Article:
60. Tadlock, B. L., Flores, A. R., Haider-Markel, D. P., Lewis, D. C., Miller, P. R., & Taylor, J. K. (2017). Testing contact theory and attitudes on transgender rights. Public Opinion Quarterly.  https://doi.org/10.1093/poq/nfx021.
  61. Tajfel, H. (1981). Human groups and social categories. New York: Cambridge University Press.Google Scholar
  62. Tajfel, H., & Turner, J. C. (1986). The social identity theory of intergroup relations. In S. Worchel & W. G. Austin (Eds.), Psychology of intergroup relations (pp. 7–24). Chicago, IL: Nelson-Hall.Google Scholar
  63. Taylor, C. (2004). Modern social imaginaries. Durham, NC: Duke University Press.Google Scholar
  64. Tobin, D. D., Menon, M., Menon, M., Spatta, B. C., Hodges, E., & Perry, D. G. (2010). The intrapsychics of gender: A model of self-socialization. Psychological Review, 117, 601–622.  https://doi.org/10.1037/a0018936.CrossRefPubMedGoogle Scholar
  65. Tourjée, D. (2015). Why do men kill trans women? Gender theorist Judith Butler explains. Broadly. Retrieved from https://broadly.vice.com/en_us/article/z4jd7y/why-do-men-kill-trans-women-gender-theorist-judith-butler-explains.
  66. Tupes, E. C., & Christal, R. E. (1961). Recurrent personality factors based on trait ratings. No. ASD-TR-61-97. Personal Research Lab, Lackland AFB, Texas. Retrieved from http://www.dtic.mil/get-tr-doc/pdf?AD=AD0267778.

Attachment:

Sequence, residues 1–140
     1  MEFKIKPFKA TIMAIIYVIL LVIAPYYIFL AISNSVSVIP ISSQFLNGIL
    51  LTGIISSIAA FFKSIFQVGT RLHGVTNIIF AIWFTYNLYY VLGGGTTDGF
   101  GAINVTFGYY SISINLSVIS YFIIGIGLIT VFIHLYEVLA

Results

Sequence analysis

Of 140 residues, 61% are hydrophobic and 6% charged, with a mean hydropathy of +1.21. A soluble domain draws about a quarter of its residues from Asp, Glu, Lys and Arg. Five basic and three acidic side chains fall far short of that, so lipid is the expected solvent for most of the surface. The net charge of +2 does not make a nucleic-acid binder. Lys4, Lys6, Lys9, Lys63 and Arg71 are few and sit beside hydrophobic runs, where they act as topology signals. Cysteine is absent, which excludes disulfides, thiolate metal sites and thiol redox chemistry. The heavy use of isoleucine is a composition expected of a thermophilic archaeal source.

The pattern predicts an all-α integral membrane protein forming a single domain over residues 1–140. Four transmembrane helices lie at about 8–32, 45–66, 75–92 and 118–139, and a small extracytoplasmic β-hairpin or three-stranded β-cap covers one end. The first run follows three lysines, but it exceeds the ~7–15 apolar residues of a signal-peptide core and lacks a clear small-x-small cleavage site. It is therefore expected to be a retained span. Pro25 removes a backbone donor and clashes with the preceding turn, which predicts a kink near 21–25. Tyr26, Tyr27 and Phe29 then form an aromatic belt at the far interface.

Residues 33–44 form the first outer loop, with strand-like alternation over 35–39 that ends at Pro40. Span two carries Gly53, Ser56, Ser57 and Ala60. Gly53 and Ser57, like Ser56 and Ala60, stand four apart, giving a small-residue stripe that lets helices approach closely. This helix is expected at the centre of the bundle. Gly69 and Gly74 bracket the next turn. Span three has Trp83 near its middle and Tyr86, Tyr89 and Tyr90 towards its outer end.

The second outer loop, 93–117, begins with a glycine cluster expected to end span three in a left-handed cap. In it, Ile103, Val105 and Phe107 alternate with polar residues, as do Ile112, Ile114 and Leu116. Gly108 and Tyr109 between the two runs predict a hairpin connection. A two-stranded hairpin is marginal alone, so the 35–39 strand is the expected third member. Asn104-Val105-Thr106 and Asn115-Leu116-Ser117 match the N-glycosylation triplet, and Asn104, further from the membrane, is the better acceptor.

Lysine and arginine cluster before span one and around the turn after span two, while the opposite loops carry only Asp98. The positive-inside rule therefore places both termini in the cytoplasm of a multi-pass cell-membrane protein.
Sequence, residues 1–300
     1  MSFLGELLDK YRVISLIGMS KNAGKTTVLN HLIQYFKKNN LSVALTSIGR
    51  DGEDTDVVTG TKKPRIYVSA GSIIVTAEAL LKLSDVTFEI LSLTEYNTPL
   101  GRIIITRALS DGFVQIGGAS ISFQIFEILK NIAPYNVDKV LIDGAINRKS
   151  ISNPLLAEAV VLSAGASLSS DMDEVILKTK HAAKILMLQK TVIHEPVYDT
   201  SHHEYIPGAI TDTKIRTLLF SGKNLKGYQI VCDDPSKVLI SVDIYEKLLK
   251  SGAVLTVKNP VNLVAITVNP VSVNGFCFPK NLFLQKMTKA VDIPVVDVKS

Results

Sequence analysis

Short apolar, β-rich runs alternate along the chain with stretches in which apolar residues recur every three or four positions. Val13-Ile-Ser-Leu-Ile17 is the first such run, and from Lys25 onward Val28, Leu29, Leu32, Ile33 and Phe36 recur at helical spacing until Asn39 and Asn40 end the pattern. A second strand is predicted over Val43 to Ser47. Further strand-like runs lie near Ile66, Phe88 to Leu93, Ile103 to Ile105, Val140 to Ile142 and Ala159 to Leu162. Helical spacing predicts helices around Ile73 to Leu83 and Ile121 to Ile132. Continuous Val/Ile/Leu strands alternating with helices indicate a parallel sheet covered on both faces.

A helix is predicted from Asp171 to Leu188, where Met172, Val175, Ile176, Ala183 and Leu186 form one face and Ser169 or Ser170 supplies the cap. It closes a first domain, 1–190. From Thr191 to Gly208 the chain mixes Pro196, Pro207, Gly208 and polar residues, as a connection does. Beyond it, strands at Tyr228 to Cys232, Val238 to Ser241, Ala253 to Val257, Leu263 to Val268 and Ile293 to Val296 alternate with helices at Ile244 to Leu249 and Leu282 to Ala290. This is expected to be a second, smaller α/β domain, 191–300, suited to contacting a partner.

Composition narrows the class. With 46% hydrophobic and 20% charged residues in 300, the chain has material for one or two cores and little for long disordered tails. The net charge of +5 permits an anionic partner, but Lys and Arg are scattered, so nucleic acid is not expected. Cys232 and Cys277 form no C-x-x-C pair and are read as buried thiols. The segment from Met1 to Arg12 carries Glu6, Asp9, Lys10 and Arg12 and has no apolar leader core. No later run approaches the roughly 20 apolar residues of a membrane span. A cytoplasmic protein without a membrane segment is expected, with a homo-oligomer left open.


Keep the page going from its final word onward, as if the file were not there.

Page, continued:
67. Wade, L. (2016). The hypermasculine violence of Omar Mateen and Brock Turner. New Republic. Retrieved from https://newrepublic.com/article/134270/hypermasculine-violence-omar-mateen-brock-turner.
  68. Westbrook, L., & Schilt, K. (2014). Doing gender, determining gender: Transgender people, gender panics, and the maintenance of the sex/gender/sexuality system. Gender & Society, 28, 32–57.  https://doi.org/10.1177/0891243213503203.CrossRefGoogle Scholar
  69. White, J. B., & Gardner, W. L. (2009). Think women, think warm: Stereotype content activation in women with a salient gender identity, using a modified Stroop task. Sex Roles, 60, 247–260.  https://doi.org/10.1007/s11199-008-9526-z.CrossRefGoogle Scholar
  70. Willer, R., Rogalin, C., Conlon, B., & Wojnowicz, M. T. (2013). Overdoing gender: A test of the masculine overcompensation thesis. American Journal of Sociology, 118, 980–1022.  https://doi.org/10.1086/668417.CrossRefGoogle Scholar
  71. Wood, W., Christensen, P. N., Hebl, M. R., & Rothgerber, H. (1997). Conformity to sex-typed norms, affect, and the self-concept. Journal of Personality and Social Psychology, 73, 523–535.  https://doi.org/10.1037/0022-3514.73.3.523.CrossRefPubMedGoogle Scholar

Copyright information

© Springer Science+Business Media, LLC, part of Springer Nature 2018

Authors and Affiliations

  1. 1.Department of Political ScienceNorthwestern UniversityEvanstonUSA
  2. 2.Department of Political ScienceMenlo CollegeAthertonUSA

Personalised recommendations